By Alexa Day
I’ve spent two weeks trying to figure out why I can’t get into Fear the Walking Dead.
I mean, I love the original TWD all to pieces. I’ve hung up on people when their phone calls threaten to overlap with those precious first few minutes of the show. I treasure my Twitter time with the rest of the viewership. My iPod is jammed with music from the show and the promos.
I worship Richonne and I do it proudly.
TWD has moved me (“It’s for you”), shocked me (“Look at the flowers”), cracked me up (“Motherdick“), and generally filled me with hope for the future of television.
So I really wanted to enjoy Fear the Walking Dead. For one thing, it was going to get me through the long, long summer hiatus until Season Six of TWD starts in October.
Looks like it’s going to be a long six weeks.
On the bright side, I’ve figured out what the trouble is. I guess there are going to be spoilers, if that matters to you.
In theory, Fear the Walking Dead should work the way Titanic worked.
I know. Bear with me.
We all went to see Titanic despite the fact that we know how the story ends. Right? I think we did that for two reasons. Either we wanted to see what James Cameron did with such a large-scale disaster from an artistic perspective, or we wondered what would become of the characters we’d come to care about. Or both. Both is another option.
Fear TWD should have similar appeal. We already know that Fear TWD‘s civil unrest and confusion will end with the zombie apocalypse. I know I started watching in the hope that the folks who brought us TWD would bring the same artistic firepower to the beginning of the end. But I also know that the only way to keep folks watching is to give us characters we care about.
Sadly, Fear TWD is falling short on both counts.
I was under the impression that Fear TWD would show us how the apocalypse started, but it’s pretty clear that the infection has taken a pretty solid hold of society before the first episode starts. We are now two episodes in, and we still don’t know what actually caused the zombie apocalypse. (My guess, though, is something to do with the flu shot.) We have no Patient Zero. We just have fewer zombies. If you spend any time on Twitter during TWD, you know that fewer zombies is not the way to hook fans.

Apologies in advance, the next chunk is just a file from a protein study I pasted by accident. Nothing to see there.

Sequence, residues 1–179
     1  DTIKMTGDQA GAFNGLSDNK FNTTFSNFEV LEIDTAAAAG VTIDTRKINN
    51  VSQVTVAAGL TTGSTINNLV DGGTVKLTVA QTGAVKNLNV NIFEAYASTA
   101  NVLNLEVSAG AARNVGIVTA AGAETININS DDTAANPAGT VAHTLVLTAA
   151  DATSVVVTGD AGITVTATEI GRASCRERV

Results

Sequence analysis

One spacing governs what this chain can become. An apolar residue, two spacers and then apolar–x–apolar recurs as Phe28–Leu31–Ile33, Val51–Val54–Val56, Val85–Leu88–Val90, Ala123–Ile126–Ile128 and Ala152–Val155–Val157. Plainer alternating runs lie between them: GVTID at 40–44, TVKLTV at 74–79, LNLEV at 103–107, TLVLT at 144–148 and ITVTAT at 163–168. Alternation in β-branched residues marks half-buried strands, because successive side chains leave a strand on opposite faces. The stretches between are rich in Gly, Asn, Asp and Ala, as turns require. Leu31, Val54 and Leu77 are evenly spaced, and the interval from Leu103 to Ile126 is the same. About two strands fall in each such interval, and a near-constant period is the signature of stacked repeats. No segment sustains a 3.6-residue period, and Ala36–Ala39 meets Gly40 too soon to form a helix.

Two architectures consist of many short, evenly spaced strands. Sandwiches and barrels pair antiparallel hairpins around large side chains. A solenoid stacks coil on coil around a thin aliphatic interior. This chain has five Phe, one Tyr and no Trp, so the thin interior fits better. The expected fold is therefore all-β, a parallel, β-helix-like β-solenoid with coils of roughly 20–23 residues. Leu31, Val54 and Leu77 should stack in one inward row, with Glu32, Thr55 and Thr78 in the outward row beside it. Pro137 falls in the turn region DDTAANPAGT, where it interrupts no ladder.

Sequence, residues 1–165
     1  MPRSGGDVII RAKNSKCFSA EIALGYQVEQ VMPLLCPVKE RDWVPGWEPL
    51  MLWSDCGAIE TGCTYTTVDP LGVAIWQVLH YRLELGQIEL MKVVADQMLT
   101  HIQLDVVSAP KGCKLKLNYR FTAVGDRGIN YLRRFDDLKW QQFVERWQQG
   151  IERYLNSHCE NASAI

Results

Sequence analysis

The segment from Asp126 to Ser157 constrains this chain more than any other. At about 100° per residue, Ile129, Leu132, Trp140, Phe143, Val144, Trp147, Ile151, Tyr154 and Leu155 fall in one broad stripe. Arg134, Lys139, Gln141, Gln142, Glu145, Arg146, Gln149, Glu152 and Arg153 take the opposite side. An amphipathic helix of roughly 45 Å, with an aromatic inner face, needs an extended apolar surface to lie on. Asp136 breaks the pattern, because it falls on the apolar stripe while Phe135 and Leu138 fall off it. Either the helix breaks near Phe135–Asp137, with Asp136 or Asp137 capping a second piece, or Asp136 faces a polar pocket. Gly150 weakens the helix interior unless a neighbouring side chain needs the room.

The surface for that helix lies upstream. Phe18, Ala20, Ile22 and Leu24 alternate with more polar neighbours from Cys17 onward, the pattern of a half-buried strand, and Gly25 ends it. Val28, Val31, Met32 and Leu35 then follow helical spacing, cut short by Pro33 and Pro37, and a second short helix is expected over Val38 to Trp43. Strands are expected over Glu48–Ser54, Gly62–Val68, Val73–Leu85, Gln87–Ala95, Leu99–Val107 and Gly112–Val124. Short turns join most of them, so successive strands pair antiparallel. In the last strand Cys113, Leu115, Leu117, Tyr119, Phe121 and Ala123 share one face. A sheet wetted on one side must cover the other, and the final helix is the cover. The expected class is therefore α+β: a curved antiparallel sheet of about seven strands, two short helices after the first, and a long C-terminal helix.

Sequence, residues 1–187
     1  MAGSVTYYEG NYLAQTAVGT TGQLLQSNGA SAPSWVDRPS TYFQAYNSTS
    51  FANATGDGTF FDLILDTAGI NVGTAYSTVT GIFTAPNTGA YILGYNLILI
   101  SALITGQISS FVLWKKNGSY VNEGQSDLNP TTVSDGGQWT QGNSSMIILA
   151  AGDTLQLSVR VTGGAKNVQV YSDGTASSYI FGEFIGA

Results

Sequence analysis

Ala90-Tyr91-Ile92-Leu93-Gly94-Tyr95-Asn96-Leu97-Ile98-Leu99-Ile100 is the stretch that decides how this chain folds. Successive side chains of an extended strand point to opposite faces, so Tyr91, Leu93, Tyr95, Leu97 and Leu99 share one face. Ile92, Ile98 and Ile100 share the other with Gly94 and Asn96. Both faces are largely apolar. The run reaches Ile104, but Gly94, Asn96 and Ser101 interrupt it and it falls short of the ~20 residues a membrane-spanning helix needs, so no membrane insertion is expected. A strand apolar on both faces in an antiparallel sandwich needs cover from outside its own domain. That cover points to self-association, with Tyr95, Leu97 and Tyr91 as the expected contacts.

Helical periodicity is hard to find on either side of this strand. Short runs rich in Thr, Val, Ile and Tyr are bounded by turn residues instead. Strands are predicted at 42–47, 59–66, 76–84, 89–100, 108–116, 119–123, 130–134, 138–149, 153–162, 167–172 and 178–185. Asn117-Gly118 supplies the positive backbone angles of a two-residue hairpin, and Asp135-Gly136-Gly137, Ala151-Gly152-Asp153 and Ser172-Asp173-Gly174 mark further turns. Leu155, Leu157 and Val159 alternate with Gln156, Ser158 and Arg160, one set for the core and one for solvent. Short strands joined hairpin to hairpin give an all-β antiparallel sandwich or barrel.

The larger problem, though, is these characters.
TWD works so brilliantly because it’s a story about the sort of people who would never have met each other in the pre-apocalypse, each of whom has become a completely different sort of person in the aftermath of destruction. Add in the larger questions of how far people will go when faced with the collapse of their civilization. What you get is something deep and powerful — characters asking themselves and each other who they were and who they are with none of the distracting nonsense of 21st century society.
And then, of course, we get plenty of zombie-related violence on top of that. You know, just to keep things moving.
Fear TWD has given us a blended family drama. That’s right. We’re going to face the zombie apocalypse with teen angst, angry exes, and a harried mom trying to hold it all together. If someone made TWD into a Lifetime movie, this would be the result. Two hours of “Stop it! Don’t you say that to him! Because I’m your mother! Get down from there! Don’t touch him! That’s not what the custody agreement says! He’s not answering my phone calls! Just because! I hate you! You promised!”
It’s enough to make a person cheer for zombies. Yes, they are relentless undead killing machines who will cheerfully tear you into bite-sized pieces with their hands before cramming you into their decaying gullets. But they aren’t whiny, pouty bundles of high-voltage family resentment.
The worst part is that better choices are available.
During Sunday’s episode, two of our super-troubled teens are trapped indoors (Nick is going through withdrawal and his sister Alicia is in the role of Responsible Sibling/Caretaker). A moment before, we hear that the family across the street has planned a birthday party for a nine-year-old girl. We know that the little girl’s parents don’t expect anyone to come because everyone seems to be sick lately. We also know that another neighbor is looking very unwell.
What happens at the party? We don’t know.
How long did that unwell neighbor hold out before this mystery illness finally finished him? We don’t know.
How did he get into the house across the street? We don’t know.
Did the birthday girl make it? We don’t know.
Here’s what we got instead. “I don’t care! You let Mom do it! I’m going anyway! I hate you! We all know what you need!” We get to spend this part of the episode watching Nick sweat, vomit, and complain his way through withdrawal instead of actually watching the genesis of the zombie apocalypse. His sister isn’t even interested; why should the rest of us be?
Fear the walking dead? We haven’t really seen the walking dead. We did get to see a genuine L.A. police riot, but (forgive my cynicism) haven’t we kind of seen those before?
Anyway, if the next episode isn’t much more engaging, I’m going to have to find another way to wait out the summer hiatus. I didn’t sign on for a weekly dose of Anxious Moms Yelling and the Teens Who Love to Hate Them. I came to see the world shuffle slowly to a stop.
Is anyone else barely hanging on to Fear TWD at this point? Join the rant in the comments.
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